But once in a relationship, the romance’s strengths are particularly helpful to men, and its difficult periods are particularly hard on them, Simon told LiveScience.

In the study, 1,611 men and women between the ages of 18 and 23 answered questions about their relationships and their own emotional states, including rating symptoms of depression and substance abuse. The questions were asked twice, two years apart, helping researchers deduce that emotional states were largely influenced by a relationship, not the other way around.

Rocky relationships were associated with equal amounts of depression in young men and women, and significantly greater problems with substance abuse and dependence among men. The correlative findings were published in the June issue of the Journal of Health and Social Behavior.

Why relationships affect young women and men differently is not yet clear. But the finding contradicts the conventional view of women as the more emotionally involved romantic partner.

No matter their game face, men are not stoically impervious to a relationship’s ebbs and flows, Simon said.

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Arts & Living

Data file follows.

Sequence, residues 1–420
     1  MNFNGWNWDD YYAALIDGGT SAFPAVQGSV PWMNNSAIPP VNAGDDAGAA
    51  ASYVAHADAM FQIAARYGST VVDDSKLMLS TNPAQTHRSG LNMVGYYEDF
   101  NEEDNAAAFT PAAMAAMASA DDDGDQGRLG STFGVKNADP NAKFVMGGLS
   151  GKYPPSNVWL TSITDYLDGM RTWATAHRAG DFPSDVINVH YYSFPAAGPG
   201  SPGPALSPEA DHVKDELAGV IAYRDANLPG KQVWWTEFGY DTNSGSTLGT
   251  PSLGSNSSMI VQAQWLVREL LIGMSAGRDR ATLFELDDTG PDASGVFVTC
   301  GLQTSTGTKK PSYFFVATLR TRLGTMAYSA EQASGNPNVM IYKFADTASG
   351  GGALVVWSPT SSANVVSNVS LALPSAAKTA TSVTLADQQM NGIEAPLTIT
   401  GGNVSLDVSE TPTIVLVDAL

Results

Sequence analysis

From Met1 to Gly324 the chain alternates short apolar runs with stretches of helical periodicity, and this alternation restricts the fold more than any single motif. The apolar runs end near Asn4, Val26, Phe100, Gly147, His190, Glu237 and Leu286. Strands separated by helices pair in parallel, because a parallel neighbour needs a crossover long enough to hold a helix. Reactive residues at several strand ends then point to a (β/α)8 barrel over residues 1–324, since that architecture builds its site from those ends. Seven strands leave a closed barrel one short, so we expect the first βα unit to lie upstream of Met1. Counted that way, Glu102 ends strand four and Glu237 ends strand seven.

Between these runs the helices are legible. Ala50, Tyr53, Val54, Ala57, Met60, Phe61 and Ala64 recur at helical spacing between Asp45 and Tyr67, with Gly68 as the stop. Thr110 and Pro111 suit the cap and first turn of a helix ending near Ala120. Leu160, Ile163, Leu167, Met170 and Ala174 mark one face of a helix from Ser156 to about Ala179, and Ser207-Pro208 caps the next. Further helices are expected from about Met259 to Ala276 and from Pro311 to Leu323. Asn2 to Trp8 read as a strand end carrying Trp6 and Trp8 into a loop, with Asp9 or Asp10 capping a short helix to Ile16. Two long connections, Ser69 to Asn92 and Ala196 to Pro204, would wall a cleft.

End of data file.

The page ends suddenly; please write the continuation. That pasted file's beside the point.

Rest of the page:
Bonding with moms leads to better romance

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Washington: Teenagers who share a close relationship with their mothers are more likely to enjoy a successful romantic life when they grow up, a new study has claimed.

Researchers at the Montclair State University in New Jersey found that teenagers` bonding with their parents, especially with mothers, influence their romantic life in adulthood.

“Parents` relationships with their children are extremely important and that`s how we develop our ability to have successful relationships as adults, our parents are our models,” said Constance Gager, who led the study.

“So if kids are not feeling close with their parents then they are probably not going to model the positive aspects of that relationship when they reach adulthood,” Gager was quoted as saying by LiveScience.